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Silver

Hub & Spoke Topology with separate VRFs at hub site

Why is it necessary in an MPLS Hub & Spoke design for there to be two VRFs at the hub site (essentially one for inbound traffic from the spokes and one for traffic destined for the spokes from the hub)?

Could just one central VRF be used and appropriate RTs manipulated to import routes into the hub from the spokes and only export a default route from the hub?

7 REPLIES
Bronze

Re: Hub & Spoke Topology with separate VRFs at hub site

What you firstly speak about is quite rightly called hub & spoke VPNS - this is where the spokes can actually talk to each other but via the hub. You then go on to speak about Extranet vpns where the spokes can never speak to each other and all traffic is through the hub site.

Silver

Re: Hub & Spoke Topology with separate VRFs at hub site

I don't think I mean Extranet VPNs. A Layer 3 VPN where the spokes can communicate, but only through a hub site. I've seen a configuration which uses separate VRFs on the spokes (to avoid spoke-spoke communication on spoke sites which are homed on the same PE), but also use separate VRFs for inbound and outbound traffic at the hub. I wondered whether this can be combined onto one VRF.

However, perhaps an alternative solution would be to utilise half-duplex VRFs, which appear to make hub and spoke topologies more scalable. However the examples on CCO use virtual-templates for dial-in scenarios; are virtual-templates a requirement?

Bronze

Re: Hub & Spoke Topology with separate VRFs at hub site

hi mate no virtual templates arent required - also half duplex vpns that makes me laugh - its a bit like Cisco saying scavenger class of service as well - who makes up these names?? Remember when utilising hub & spoke you need to use allowas-in on the PE (that is if all your CE's are in the same AS number)

New Member

Re: Hub & Spoke Topology with separate VRFs at hub site

HI...

I think in hub n spoke scenario, for spoke to spoke communication spoke traffic should come to HUB CE and then pass to destined spoke. in this HUB have controll on this traffic. In single vrf case spoke traffic will come to hub PE and from there it will go to destined spoke intead of passing through hub CE. Thats why we need two VRFs for hub n spoke scenario.

PLS. correct me if i m wrong

thks

Re: Hub & Spoke Topology with separate VRFs at hub site

Hello,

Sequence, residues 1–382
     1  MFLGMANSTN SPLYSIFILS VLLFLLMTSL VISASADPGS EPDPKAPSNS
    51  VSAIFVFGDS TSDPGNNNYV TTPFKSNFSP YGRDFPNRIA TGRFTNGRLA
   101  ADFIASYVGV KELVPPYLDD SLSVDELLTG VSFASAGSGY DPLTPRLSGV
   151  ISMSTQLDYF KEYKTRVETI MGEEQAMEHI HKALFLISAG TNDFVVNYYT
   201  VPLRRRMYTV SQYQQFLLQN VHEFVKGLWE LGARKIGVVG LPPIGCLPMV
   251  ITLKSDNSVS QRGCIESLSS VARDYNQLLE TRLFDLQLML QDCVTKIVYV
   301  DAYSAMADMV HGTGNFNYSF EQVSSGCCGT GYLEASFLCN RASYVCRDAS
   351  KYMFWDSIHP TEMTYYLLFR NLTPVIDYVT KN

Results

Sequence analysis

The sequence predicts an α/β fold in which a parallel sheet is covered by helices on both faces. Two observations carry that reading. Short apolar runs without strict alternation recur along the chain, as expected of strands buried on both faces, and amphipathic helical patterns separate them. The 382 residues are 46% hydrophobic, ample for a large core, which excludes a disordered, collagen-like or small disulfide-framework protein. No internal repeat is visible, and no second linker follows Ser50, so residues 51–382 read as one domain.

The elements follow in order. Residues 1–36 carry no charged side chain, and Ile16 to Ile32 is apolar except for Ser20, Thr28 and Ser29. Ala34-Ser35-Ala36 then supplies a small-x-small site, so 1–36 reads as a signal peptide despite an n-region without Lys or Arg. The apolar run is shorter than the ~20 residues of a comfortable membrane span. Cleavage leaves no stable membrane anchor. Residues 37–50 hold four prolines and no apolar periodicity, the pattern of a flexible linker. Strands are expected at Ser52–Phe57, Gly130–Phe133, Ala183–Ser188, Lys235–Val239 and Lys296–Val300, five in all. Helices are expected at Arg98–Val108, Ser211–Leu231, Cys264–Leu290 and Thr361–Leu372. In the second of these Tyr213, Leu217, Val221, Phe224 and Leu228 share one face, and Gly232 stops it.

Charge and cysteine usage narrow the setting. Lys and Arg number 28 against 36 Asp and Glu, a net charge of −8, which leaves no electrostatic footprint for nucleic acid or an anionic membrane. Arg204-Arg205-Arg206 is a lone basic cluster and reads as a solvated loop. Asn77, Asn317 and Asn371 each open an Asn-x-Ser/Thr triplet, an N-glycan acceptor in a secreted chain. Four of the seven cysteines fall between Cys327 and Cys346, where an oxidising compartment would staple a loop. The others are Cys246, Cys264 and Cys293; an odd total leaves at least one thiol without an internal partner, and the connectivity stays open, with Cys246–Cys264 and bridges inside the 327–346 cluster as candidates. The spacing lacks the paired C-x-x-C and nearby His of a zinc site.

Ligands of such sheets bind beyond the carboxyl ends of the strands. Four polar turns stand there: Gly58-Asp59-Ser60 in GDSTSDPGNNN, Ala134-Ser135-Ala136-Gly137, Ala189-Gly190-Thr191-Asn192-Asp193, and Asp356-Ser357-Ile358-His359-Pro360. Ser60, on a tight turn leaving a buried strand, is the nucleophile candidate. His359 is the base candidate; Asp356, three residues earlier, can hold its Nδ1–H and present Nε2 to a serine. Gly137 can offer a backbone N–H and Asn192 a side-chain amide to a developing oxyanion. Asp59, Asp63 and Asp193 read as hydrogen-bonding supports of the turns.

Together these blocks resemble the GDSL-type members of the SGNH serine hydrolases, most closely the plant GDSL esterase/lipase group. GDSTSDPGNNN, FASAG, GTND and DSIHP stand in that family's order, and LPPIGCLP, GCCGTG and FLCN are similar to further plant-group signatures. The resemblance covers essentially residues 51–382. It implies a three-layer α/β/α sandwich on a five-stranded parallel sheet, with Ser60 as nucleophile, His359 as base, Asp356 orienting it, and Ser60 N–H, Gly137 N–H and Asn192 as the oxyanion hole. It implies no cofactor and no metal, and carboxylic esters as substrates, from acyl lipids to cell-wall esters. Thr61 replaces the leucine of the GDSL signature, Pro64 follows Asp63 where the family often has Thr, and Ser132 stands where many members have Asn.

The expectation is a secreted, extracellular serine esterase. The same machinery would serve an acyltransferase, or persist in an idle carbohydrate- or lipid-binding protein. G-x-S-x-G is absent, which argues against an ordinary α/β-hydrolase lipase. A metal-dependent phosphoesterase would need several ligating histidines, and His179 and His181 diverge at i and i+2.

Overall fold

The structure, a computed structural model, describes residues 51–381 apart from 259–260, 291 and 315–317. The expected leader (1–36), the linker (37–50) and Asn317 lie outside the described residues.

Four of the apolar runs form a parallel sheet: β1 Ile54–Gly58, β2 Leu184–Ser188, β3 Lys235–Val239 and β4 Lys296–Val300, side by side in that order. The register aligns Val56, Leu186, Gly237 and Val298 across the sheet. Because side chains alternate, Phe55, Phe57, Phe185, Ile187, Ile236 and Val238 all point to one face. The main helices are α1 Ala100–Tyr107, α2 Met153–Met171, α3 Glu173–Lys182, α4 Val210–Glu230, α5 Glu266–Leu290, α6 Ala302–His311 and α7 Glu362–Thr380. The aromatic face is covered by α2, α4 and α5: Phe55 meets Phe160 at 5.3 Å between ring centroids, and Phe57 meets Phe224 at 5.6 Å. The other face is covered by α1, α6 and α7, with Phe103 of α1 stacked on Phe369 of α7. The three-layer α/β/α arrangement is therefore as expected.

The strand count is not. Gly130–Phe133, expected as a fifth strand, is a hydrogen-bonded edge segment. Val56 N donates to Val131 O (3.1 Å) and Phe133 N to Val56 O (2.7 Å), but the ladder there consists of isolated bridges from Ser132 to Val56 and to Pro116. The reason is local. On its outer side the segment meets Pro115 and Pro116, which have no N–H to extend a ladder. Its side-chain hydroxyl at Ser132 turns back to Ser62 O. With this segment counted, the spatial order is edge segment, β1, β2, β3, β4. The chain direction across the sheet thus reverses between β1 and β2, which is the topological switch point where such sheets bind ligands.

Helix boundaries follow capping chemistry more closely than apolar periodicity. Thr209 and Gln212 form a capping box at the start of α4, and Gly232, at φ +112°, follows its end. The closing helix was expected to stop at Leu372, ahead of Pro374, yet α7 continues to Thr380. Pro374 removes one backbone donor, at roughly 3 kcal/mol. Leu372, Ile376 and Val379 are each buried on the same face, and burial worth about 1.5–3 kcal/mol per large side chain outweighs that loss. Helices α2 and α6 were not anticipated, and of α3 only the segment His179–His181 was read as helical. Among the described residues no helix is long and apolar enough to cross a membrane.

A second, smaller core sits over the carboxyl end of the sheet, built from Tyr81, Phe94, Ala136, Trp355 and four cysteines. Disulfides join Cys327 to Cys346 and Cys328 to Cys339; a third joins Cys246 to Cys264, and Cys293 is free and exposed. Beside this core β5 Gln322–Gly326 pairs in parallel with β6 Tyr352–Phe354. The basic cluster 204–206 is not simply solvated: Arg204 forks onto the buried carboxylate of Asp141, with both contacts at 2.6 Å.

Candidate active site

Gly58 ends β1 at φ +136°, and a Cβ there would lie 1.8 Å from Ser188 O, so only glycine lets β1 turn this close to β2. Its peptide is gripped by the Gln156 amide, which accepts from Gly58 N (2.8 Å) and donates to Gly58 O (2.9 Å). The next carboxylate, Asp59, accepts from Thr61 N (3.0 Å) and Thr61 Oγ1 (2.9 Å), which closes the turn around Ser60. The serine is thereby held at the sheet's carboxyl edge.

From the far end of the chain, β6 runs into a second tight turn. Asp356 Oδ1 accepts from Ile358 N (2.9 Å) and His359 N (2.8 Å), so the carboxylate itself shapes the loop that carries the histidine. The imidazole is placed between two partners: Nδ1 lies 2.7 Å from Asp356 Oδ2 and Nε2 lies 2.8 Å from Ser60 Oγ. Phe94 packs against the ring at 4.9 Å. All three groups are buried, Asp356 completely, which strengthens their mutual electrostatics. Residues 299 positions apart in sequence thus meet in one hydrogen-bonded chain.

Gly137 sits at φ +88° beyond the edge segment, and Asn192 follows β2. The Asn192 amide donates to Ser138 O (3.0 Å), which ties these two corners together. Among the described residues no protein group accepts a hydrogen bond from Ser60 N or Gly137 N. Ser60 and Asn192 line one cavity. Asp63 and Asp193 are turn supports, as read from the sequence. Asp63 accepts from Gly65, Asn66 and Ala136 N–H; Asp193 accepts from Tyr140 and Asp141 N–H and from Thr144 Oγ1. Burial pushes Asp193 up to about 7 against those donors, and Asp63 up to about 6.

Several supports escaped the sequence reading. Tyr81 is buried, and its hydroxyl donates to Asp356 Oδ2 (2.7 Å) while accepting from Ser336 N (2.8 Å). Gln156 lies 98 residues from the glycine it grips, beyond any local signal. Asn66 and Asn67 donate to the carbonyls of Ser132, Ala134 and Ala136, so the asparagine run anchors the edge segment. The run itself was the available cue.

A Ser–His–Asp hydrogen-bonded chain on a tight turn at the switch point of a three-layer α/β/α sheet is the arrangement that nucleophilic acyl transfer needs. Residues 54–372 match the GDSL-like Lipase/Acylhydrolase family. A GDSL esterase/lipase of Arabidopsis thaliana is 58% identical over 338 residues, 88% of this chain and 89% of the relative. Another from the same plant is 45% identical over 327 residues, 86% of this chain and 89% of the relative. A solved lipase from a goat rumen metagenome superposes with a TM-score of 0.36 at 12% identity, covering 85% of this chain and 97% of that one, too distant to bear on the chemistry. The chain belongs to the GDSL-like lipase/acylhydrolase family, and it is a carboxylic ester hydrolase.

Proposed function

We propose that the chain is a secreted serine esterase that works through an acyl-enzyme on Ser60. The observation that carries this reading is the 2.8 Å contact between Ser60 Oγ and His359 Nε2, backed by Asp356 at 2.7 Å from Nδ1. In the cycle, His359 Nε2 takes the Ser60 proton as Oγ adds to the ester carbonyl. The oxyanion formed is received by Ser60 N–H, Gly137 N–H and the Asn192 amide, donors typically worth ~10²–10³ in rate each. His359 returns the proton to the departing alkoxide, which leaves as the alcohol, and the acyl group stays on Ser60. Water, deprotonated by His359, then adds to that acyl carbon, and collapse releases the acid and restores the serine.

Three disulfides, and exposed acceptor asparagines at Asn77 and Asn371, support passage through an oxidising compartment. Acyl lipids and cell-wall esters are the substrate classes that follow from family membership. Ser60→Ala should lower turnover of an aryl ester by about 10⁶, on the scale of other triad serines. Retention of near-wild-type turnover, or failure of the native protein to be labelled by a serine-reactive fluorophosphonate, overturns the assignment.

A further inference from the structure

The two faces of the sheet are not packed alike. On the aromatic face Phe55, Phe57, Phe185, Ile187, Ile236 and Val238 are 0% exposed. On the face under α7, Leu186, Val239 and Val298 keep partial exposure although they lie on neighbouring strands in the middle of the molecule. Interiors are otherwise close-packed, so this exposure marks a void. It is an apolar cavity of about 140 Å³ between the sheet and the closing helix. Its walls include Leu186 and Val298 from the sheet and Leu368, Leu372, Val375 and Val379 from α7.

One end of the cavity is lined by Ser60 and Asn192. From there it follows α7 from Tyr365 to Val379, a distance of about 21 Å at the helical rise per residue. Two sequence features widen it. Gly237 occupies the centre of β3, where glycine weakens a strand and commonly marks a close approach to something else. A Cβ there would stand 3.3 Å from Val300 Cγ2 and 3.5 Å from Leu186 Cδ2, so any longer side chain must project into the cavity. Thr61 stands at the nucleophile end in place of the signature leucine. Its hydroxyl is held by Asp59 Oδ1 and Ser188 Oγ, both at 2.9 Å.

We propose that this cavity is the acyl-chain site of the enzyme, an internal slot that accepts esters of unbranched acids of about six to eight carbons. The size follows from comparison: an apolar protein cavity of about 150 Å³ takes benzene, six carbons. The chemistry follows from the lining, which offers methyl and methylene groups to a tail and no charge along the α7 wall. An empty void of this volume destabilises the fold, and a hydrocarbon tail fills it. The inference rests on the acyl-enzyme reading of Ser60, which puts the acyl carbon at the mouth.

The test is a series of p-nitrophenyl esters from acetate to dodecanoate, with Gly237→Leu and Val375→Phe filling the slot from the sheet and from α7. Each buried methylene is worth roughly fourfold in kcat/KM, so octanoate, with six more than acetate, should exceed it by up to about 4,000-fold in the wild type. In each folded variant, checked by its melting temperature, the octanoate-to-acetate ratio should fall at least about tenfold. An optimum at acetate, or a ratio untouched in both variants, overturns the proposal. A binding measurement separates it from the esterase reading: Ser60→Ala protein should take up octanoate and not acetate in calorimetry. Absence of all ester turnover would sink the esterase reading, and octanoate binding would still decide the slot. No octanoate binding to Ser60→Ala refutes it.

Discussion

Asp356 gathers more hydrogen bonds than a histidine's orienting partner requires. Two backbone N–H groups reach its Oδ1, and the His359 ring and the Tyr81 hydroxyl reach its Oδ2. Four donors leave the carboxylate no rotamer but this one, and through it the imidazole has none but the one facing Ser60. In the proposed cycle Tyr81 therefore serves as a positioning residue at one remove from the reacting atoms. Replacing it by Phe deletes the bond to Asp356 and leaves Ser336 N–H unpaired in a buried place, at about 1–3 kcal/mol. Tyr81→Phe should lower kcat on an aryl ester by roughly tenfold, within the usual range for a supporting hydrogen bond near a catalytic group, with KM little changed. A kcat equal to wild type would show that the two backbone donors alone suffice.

in Hub and Spoke - as in any other L3VPN - traffic will flow in the opposite direction of IP routing updates. In a Hub and Spoke setup the spoke sites should get routing updates from the hub site. Thus one faces a split horizon problem: updates learned at the hub CE from a neighbor (PE) will not be sent back over the same interface to that neighbor. Hence the simple solution is: one VRF and interface to announce spoke routes from the PE to the hub CE and another interface terminating in a second VRF to announce the routes from the hub CE back into the MPLS VPN environment.

Just as a side note: this results in an unusual load pattern on the two hub CE interfaces. Both interfaces will have nearly only load in one direction.

Hope this helps! Please rate all posts.

Regards, Martin

New Member

Re: Hub & Spoke Topology with separate VRFs at hub site

Hi Martin,

What if hub is importing routes from spoke and exporting default to spoke ? I dont think there will be any prob relate to split horizon.

Re: Hub & Spoke Topology with separate VRFs at hub site

Hello,

The default route (or a summary route) should work, if you enable MPLS label switching for the default route.

Router(config)#mpls ip default-route

Additionally you need to configure a central service VPN, i.e. different RT for export and import. Otherwise you get direct spoke to spoke communication.

And a last note: the first IP device after the PE must allow IP packets sent out of the interface they are received on. A PIX f.e. will not allow such forwarding for security reasons. The question also remains WHY you want hub and spoke (security? ip accounting? ...) and whether you can achieve your goal on a single router "redirecting" traffic on the incoming interface back out to the PE.

Hope this helps! Please rate all posts.

Regards, Martin

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